Resolution Trust Corporation, in Its Capacity As Receiverfor Midwest Savings Association, a Federalassociation, Appellee, v. Ford Mall Associates, Limited Partnership, a Minnesotapartnership; Haskell's, Inc., a Minnesotacorporation; Milton Cohen, Joseph Weis,defendants.pope Associates, Inc., Appellant.the Roseville Bank, Formerly Doing Business As Firstarroseville, Defendants, 30 F.3d 93 (8th Cir. 1994)

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US Court of Appeals for the Eighth Circuit - 30 F.3d 93 (8th Cir. 1994)

Submitted May 12, 1994. Decided July 21, 1994


James Lindell, Minneapolis, MN, argued, for appellant.

Elmer Trousdale, Minneapolis, MN, argued, for appellee.

Before RICHARD S. ARNOLD, Chief Judge, ROSS, Senior Circuit Judge, and McMILLIAN, Circuit Judge.

McMILLIAN, Circuit Judge.


Pope Associates, Inc. (Pope Associates), appeals from a final order entered in the District Court1  for the District of Minnesota holding that its mechanic's lien for architectural services is junior to Resolution Trust Corp.'s (RTC) mortgage. Resolution Trust Corp. v. Ford Mall Assocs. Ltd. Partnership, 819 F. Supp. 845 (D. Minn. 1993). For reversal, Pope Associates argues the district court erred in finding that its president, Jon Pope, had actual notice of the RTC mortgage. For the reasons discussed below, we affirm the order of the district court.

This case arises from a defaulted 8.6 million dollar construction mortgage. Ford Mall Associates Limited Partnership (FMALP) was formed to develop the Ford Mall complex in St. Paul, Minnesota. FMALP sought financing from several potential lenders, finally receiving a commitment from MWF Mortgage Corporation (MWF), on December 4, 1986. MWF is a wholly owned subsidiary of Midwest Federal Savings & Loan Association (Midwest Federal), for which RTC is the receiver.

Pope Associates was the project architect for the Ford Mall complex. On December 16, 1986, the president of Pope Associates, Jon Pope, on behalf of the corporation, signed two documents specifically referencing the eight million dollar mortgage between FMALP and MWF. The district court found that Jon Pope signed these documents knowing "the purpose of such certificate is to provide comfort to a lender that a security interest that a lender was obtaining in the property would not be clouded with a defect arising from noncompliance with zoning and safety regulations." 819 F. Supp. at 850. The first document, called "Certificate of Project Architect" (Project Architect document), certified compliance with building, zoning and use codes applicable to the project. The Project Architect document specifically named MWF as lender, and FMALP as borrower. The second document was an "Assignment of Plans and Specifications and Architect's Contracts" (Consent to Assignment) referencing the same construction loan between FMALP and MWF. Jon Pope testified that, at an earlier time, he had signed different Consent to Assignment and Project Architect documents on behalf of FMALP in order to help FMALP apply for financing from other potential lenders.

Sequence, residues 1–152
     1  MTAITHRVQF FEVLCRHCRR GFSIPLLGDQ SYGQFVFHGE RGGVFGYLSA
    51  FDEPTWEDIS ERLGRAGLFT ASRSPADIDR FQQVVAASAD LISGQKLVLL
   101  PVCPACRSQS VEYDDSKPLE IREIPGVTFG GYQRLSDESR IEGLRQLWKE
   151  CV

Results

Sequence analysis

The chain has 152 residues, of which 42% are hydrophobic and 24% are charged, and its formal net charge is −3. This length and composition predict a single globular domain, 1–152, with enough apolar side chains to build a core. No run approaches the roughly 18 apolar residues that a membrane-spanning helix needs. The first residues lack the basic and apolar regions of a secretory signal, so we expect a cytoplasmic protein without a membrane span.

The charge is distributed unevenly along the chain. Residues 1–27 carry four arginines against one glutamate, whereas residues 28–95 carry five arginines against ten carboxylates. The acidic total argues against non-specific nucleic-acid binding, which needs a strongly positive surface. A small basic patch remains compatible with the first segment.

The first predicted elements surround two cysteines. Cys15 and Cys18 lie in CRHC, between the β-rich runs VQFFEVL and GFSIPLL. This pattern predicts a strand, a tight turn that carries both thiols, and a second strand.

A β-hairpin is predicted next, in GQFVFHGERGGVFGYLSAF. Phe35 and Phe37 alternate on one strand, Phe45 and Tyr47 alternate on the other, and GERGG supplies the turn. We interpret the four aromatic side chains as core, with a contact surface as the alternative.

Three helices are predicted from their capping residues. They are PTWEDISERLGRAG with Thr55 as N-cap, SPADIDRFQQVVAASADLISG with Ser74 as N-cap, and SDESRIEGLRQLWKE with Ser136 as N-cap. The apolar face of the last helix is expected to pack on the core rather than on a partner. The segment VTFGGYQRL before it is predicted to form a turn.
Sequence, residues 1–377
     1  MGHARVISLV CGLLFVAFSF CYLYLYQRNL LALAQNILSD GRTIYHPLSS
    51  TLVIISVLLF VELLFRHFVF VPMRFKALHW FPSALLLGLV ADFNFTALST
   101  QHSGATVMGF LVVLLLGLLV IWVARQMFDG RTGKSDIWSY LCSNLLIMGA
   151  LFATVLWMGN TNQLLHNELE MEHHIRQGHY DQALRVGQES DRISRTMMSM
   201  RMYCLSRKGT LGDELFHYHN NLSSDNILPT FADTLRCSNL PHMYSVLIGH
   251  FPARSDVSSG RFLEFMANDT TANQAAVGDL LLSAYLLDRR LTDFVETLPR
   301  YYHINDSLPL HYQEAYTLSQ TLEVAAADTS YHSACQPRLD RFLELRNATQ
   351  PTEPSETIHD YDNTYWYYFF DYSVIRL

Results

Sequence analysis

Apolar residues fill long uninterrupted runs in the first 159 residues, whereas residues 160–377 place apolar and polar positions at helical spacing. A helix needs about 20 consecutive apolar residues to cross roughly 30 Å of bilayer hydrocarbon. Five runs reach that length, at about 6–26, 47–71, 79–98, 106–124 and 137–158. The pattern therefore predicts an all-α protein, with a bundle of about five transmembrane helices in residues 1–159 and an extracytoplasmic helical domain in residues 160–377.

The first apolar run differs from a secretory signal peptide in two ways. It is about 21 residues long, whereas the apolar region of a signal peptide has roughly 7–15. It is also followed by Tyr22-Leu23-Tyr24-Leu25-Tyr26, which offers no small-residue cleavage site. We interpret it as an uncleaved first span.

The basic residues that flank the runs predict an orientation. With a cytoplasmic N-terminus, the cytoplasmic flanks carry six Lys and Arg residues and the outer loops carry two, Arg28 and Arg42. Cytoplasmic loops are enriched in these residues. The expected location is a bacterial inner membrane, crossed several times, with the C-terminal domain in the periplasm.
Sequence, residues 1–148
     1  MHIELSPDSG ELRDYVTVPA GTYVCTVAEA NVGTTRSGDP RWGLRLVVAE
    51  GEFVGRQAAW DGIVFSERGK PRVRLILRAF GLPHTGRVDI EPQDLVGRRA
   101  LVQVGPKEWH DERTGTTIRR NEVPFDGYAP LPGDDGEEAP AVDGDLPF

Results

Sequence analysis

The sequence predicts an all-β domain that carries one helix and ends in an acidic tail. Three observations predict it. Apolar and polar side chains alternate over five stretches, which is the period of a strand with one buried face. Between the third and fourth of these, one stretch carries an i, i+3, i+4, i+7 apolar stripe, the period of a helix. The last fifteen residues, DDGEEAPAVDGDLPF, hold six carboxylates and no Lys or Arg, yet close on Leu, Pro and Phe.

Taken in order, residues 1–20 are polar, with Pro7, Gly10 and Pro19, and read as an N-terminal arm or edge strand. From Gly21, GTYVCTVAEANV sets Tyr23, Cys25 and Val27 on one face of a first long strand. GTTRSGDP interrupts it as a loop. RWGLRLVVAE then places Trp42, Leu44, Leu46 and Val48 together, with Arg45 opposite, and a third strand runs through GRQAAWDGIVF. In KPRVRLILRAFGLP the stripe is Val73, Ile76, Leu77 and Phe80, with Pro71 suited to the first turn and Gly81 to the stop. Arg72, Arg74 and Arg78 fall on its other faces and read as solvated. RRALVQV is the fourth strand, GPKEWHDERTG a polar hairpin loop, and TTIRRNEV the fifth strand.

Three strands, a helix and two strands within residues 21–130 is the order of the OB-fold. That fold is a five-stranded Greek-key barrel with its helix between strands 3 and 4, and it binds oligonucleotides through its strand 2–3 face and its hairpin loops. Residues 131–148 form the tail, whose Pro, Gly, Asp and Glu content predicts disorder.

The mortgage between FMALP and MWF was executed on December 29, 1986. The parties do not dispute that Pope Associates' mechanic's lien attached April 7, 1987, at the first visible sign of improvement at the Ford Mall construction site. Pope Associates, however, claims that when its mechanic's lien attached, Jon Pope had no actual knowledge that the construction mortgage between FMALP and MWF had been executed, although he knew the project went forward beyond December 16, 1986. For example, Pope Associates was paid by FMALP through August 1987, continued to do a great deal of work for the Ford Mall project in 1988, and was aware that other subcontractors were also working at the Ford Mall site. MWF did not record the mortgage until July 6, 1987.

Construction work at the Ford Mall project started in April of 1987. The project suffered a few set backs when work was stopped due to several temporary restraining orders obtained by tenants against FMALP. Those lawsuits were settled in April 1988, although the delays in construction led to increased financial difficulties for the Ford Mall project. Consequently, FMALP requested additional funding from MWF, but was denied. By October 1988, FMALP began missing monthly mortgage payments. Both parties attempted, but failed, to resolve the loan problems, and, in January 1989 MWF formally declared the loan in default and soon after began foreclosure proceedings. Pope Associates' lien was among some 4 million dollars in mechanic's liens on the project for labor, materials and equipment.

The parties stipulated that Pope Associates had a valid mechanic's lien in the amount of $28,876.61. The district court held that RTC's mortgage lien was superior to the mechanic's lien under Minn.Stat.Ann. Sec. 514.05 (West 1990) because Pope Associates had actual notice of RTC's mortgage prior to the first visible sign of improvement, thus falling within the actual notice exception to priority. 819 F. Supp. at 855. For reversal, Pope Associates argues the district court erred in finding that it had actual knowledge of the mortgage and seeks priority of its mechanic's lien over the mortgage lien asserted by RTC.

ACTUAL NOTICE